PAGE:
Monday, February 9, 2009

Closing The Door

You think I would have learned by now that there are just some things in this adoption journey that simply aren’t going to go away anytime soon.

Though it’s a great dream to think my family can just close one door to open another, it isn’t possible.

Not now.

Not for awhile, I fear.

When it comes to my son’s adoptive mom, I find that door I want to close being swiftly kicked back open, time and time again, crashing against all the hopes I have that maybe, just maybe, she will realize how her anger, her threats, her insults, hurt my son – her son she claims to love.

I can see now the pattern that has emerged in the months since my son moved in with us. The first phone call, to myself or my son, that usually starts on a calm level, offering a glimmer of hope that maybe this time . . . THIS TIME . . . things will be different.

And then the anger comes with ugly words and vicious attacks. And she takes those verbal punches. The ones that hit hard and drop you to your knees. Over and over again they come, lies and name calling, accusations and threats.

And even as his own anger builds in response, I can see the hurt in my son’s eyes, can tell when she has found yet a new way to hurt him. And her yells echo through the telephone, an eerie glimpse into what she is saying on the other end, to the shots she is taking over and over again, growing stronger with every minute she is allowed to carry on.

Until, at some point, my son, unable to take anymore, ends the call.

But then, it has only just begun. As he’s hurting and struggling to not let his anger get the best of him this time, she calls back. The house phone. My son’s cell phone. My cell phone. Seeking whoever she can to lash out at.

Sometimes her calls are answered, sometimes they aren’t. But they don’t end. Over and over again our phones ring, one after another, as her alcohol-induced fury gains strength, refusing to back down. Wanting only to hurt some more. Not satisfied until she has taken everyone down with her.

And then, as quick as it started, the calls for the night end.

Silence.

Silence in which my son is left to struggle with the hurt she has hurled at him. Silence to relive the ugliness she has thrown around, find a way to again mend the wounds she ripped open.

Silence that can last for weeks.

And during that time, my guard slips and I find myself foolishly hoping that the silence is for good this time. That she is off somewhere getting help, calming down. Hoping that her next call will be different. That somewhere, someway, she will finally realize the affects of her cruel words.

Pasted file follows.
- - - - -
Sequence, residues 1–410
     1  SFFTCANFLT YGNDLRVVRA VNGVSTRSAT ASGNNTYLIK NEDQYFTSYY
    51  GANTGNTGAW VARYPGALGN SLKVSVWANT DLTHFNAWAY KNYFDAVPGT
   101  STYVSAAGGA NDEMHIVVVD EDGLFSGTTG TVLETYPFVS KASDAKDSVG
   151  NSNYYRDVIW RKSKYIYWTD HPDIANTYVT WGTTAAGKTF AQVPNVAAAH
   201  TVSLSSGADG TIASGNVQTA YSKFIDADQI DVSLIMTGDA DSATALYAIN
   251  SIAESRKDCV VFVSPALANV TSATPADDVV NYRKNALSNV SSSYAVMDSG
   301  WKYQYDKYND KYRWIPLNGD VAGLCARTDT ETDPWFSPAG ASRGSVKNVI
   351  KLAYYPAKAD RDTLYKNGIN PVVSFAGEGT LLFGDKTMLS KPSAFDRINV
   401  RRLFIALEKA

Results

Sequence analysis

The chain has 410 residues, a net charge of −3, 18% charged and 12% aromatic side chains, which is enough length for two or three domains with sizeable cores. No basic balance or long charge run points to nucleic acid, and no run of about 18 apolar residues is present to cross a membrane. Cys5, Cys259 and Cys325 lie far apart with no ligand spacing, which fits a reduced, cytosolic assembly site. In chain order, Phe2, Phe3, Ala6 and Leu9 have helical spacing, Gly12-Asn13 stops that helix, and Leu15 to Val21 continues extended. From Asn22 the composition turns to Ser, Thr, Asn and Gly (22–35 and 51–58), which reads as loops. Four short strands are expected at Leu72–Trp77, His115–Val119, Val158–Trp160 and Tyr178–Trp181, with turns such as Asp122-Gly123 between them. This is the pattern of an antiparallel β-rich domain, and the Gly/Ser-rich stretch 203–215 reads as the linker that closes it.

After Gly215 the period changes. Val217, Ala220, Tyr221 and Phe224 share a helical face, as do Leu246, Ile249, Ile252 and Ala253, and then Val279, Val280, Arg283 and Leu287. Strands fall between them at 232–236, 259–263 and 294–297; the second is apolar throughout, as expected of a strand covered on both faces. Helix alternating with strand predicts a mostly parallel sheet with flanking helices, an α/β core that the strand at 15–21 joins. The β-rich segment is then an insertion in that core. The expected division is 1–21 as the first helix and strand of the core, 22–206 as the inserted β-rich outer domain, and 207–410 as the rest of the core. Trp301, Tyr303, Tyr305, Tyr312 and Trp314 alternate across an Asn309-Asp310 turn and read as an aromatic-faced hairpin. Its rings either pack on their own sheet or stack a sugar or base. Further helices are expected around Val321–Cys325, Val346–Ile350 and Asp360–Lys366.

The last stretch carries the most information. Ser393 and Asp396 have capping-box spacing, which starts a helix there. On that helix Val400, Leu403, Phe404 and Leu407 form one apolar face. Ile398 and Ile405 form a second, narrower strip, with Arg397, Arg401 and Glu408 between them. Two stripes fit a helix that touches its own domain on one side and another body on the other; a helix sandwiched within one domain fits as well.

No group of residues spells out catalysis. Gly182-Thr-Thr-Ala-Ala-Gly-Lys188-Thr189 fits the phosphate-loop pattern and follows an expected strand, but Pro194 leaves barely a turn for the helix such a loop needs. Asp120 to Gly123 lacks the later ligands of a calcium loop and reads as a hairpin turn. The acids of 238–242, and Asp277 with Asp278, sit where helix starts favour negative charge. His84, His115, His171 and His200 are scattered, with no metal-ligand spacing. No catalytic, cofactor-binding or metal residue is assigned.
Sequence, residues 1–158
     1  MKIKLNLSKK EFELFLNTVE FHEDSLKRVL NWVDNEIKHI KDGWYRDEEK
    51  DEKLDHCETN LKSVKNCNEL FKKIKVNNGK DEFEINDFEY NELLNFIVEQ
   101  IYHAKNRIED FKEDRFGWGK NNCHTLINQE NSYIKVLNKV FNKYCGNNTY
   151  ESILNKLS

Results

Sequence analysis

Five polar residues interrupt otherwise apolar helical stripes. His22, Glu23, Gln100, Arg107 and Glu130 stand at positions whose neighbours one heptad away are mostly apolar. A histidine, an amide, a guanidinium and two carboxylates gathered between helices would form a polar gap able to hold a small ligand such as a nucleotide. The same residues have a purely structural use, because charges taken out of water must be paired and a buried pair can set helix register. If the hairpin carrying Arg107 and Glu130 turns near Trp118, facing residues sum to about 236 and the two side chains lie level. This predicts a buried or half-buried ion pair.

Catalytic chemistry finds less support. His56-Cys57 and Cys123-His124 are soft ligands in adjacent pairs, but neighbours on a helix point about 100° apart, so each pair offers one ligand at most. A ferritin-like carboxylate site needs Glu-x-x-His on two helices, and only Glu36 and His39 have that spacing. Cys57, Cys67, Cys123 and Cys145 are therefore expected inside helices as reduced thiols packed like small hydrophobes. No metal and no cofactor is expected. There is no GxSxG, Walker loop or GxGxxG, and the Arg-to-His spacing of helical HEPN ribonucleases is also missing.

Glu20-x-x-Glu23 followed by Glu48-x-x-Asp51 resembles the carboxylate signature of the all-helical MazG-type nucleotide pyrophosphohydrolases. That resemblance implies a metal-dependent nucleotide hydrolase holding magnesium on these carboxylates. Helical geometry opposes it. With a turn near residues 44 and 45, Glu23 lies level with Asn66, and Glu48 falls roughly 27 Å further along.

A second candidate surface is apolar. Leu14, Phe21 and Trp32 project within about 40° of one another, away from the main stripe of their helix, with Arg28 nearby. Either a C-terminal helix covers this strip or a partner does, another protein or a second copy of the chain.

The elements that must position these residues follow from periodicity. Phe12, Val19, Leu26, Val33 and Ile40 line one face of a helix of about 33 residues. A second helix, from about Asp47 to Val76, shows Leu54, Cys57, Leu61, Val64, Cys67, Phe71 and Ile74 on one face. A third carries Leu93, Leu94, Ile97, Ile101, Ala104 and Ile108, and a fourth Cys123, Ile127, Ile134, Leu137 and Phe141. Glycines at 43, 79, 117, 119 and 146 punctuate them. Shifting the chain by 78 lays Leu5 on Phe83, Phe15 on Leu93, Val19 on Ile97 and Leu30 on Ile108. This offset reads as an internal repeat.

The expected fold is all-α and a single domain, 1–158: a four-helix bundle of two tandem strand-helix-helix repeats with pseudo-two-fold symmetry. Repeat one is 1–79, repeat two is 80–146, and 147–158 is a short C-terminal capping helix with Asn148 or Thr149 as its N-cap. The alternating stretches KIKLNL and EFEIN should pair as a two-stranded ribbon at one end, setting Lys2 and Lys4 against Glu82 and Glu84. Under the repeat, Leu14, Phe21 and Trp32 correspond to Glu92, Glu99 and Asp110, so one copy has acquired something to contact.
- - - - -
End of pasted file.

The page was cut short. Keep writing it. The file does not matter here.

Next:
But then, the next call comes and the pattern is repeated all over again.

Just as it did almost a week ago.

Again, I picked up that first phone call and foolishly hoped something would be different this time . . . she would be different.

I should have known better.

It was a night of my son being told I actually had an abortion with him but it didn’t work out. Of being told I was just a whore who gave birth. Of the same calls, over and over again, the same pain, the same wounds opened for another round.

And then the silence again.

But in this silence came a difference . . . the voice of my very good friend Cheerio. The voice I needed to hear, gently nudging me to a different direction.

Perhaps I can’t yet close the door I want to lead us into a happy life but I can close the one inside me. The one that foolishly leads me time and time again, into hoping for the change. The one that exposes my own fear of my son feeling as if he is trapped between two moms, left to again lose one for the other.

It’s a fear that has resided inside me since we first reunited. One that has echoed in my head that what would be best for my son would be the love of both his mothers.

I know it’s true and I wish, at this time in our lives, I could give him that, assure him of it. But the fact is, leaving that door open for that hope to control my reactions is only doing more harm than good right now.

In that mind set, I restrict my son from reacting how he desires when it comes to FINALLY being able to stand up to his adoptive mother, to protecting himself from her once and for all. My fear of what happens today affecting a possible relationship with her later on, only controls him much in the same way as she has for so many years.

And it controls me in not standing up and protecting my son in the way I would protect my other children. It takes my voice when she attacks him, allowing it to happen. Allowing him to stand alone AGAIN to fight back against the swings she takes.

So I’m closing that door. Slamming it shut with all the force I have.

As Cheerio pointed out, I can’t change her. Only she can change herself. And I can no longer allow her abuse to take free reign over my son, my whole family, on the hope that someday she will be there in the way I imagine for my son – her son.

I have made sure my son understands that there is nothing that will ever cause me to stand in the way if/when he wants his adoptive mom involved in his life and that it is my greatest wish for him. He knows I don’t want to trap him between two feuding moms. Don’t want his life to be caught between us.

But he also knows, I am closing that door that has pushed such restrictions on me and that I will not hold him back when it comes to him standing up to her, protecting himself. And I will no longer stand silent and helpless in the background when she decides to attack my child in any way.

Her calls will not end. I know that. But, from this point on, we will stand up as a family, whole and intact, without our fears guiding us. Instead, our love and support will lead us through.